Distance — a word so often used right now. Physical distancing, social distancing. We agree with the first, not so much with the second. It seems, perhaps, even more important these days to connect intellectually, emotionally, and socially. Membership in AAUW is a perfect vehicle for that.
Meet other educated, dynamic women. Network to find new jobs, opportunities, friends. Support our mission of improving equity for women in the workplace, in education, and in work-life balance. Promote individual and social justice. Join interest groups — there are many — for friendship and fun.
Let’s grow our membership. Reach out with email or a phone call to those you know from your book groups, place of employment, neighborhood, school, organizations to which you belong. Invite them to attend our Fall Showcase with you on Saturday, Sept. 12. Help us build relationships and our branch. The collective is stronger than the individual. Remember, we also have a dues assistance program, and a dues discount for joining at a public event such as on September 12.
So let’s decrease distance — the social distance. Zoom into AAUW, and grow together.
At the April 6 board meeting, members of the board suggested that we might need to check on our branch members. We knew we were cancelling the popular Author’s Luncheon, a good time to see fellow AAUW members and friends. So, we created a script so the callers would know what kinds of things to be sure to discuss, such as the membership renewal process that changed this year.
Twelve board members volunteered to call and each was assigned about 12-15 members to call. Jane Cooley, our Sunshine chair, reached out and called everyone in her zip code, surprising all of us. During the last week of April and the first week of May, we tried to call every branch member. When a member didn’t answer her phone, messages were left on answering machines and many members returned those calls. Past President Molly Dugan volunteered with a small group of helpers to run errands for members who might need some extra help.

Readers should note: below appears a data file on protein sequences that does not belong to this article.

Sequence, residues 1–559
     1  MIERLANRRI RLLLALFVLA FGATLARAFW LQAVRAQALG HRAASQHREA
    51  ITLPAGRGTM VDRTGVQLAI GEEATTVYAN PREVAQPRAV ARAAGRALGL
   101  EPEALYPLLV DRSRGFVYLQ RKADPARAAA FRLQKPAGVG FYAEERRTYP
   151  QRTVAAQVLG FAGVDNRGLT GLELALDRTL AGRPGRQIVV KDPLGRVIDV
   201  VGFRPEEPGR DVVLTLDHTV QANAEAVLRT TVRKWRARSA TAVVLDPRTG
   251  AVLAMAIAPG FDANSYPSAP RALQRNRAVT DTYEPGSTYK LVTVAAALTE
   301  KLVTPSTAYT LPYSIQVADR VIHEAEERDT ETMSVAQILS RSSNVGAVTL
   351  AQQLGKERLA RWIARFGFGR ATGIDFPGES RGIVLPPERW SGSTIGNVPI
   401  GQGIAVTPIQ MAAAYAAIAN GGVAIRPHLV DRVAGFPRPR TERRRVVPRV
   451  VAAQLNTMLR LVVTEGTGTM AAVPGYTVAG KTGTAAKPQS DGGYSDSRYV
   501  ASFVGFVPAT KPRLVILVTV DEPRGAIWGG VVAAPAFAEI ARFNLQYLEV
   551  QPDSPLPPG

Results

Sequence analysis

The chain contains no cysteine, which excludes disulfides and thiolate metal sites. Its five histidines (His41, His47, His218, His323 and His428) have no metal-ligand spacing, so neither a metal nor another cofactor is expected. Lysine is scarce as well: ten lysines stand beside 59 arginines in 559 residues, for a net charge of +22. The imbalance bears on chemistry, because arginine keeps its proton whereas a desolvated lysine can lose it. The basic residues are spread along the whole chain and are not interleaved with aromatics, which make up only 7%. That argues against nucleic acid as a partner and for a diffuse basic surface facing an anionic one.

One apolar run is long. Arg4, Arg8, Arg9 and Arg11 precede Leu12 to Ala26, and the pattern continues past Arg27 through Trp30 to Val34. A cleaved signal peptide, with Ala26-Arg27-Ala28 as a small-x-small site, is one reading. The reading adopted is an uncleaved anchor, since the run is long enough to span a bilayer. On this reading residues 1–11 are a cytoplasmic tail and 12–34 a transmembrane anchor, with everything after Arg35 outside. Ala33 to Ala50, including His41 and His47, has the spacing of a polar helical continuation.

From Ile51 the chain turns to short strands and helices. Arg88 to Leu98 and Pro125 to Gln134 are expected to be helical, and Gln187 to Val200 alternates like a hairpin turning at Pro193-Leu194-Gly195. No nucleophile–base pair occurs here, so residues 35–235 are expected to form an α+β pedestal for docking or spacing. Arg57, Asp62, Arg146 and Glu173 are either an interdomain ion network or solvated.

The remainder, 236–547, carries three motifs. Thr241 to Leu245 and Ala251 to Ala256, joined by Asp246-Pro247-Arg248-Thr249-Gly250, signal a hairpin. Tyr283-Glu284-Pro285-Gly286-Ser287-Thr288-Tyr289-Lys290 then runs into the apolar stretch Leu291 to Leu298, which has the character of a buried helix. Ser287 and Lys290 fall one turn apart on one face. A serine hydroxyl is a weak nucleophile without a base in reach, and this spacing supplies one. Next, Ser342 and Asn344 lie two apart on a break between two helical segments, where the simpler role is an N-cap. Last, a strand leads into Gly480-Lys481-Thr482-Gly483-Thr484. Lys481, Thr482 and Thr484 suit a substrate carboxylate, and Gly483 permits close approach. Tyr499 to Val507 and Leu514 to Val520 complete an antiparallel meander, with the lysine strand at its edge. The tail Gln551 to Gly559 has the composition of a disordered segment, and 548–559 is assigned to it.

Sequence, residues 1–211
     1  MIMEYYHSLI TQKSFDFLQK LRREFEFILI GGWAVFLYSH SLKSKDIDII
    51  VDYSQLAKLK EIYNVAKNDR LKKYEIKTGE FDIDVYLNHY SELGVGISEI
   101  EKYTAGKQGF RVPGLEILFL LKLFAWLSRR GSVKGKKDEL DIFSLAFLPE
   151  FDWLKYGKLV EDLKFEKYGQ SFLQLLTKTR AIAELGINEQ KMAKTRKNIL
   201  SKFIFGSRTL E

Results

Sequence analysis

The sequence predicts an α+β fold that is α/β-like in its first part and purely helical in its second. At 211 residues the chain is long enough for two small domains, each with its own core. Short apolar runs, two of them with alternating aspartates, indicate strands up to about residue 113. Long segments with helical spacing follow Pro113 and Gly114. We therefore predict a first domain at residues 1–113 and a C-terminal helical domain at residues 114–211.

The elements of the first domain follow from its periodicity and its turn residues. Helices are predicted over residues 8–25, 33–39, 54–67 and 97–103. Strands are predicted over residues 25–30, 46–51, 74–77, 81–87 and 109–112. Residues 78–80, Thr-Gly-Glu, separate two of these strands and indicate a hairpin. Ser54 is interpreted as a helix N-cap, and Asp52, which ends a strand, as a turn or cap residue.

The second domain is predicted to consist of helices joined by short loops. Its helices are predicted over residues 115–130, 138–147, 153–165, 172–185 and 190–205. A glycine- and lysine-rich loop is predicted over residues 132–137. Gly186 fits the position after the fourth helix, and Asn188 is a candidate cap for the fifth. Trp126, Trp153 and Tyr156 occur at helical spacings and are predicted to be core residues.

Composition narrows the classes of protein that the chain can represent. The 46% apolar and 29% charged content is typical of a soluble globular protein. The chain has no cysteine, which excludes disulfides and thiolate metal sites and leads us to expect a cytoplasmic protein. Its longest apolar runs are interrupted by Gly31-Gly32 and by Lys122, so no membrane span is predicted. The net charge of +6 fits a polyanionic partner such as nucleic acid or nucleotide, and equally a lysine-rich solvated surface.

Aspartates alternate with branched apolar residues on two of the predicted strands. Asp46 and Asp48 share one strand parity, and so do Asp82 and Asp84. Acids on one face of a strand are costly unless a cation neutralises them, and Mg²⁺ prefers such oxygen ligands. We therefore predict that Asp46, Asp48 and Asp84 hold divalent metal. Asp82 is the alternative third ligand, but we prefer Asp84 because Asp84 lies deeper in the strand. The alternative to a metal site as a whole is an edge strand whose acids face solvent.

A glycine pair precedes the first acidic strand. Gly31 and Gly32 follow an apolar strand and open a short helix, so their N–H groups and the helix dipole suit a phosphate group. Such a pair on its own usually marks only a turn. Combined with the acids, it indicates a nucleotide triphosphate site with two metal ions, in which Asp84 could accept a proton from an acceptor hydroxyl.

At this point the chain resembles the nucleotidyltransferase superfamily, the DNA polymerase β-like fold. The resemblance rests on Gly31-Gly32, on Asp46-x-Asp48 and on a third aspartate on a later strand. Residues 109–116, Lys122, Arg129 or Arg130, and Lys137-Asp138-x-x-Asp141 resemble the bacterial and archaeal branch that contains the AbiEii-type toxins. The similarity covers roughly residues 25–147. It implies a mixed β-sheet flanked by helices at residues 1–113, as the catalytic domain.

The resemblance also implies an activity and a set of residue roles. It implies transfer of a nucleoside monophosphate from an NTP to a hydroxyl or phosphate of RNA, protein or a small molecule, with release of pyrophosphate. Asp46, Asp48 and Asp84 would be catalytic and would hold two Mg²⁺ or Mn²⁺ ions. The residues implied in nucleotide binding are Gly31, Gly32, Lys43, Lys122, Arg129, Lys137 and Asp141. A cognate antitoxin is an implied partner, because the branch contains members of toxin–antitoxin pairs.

The response to the program seemed to be universally positive. The phone callers reported back what they heard:
- “I appreciate the phone call … I have been a member of AAUW for years—I am so proud to be a member, it is my ‘touchstone.’”
- One member lamented her book group was not meeting due to lack of understanding and skill in using a computer.
- Another member is taking this time to learn to play an instrument. We called one member who mentioned she was stuck in another state waiting out the stay-at-home orders.
The board members who made the calls said:
- “What a pleasant and enjoyable task!”
- “This was a really good experience!!”
- “Definitely a worthwhile endeavor we should probably do more often.”
- “I got as much out of the calls as they (members I called) did.”
Seems like there are a few silver linings to this very difficult time.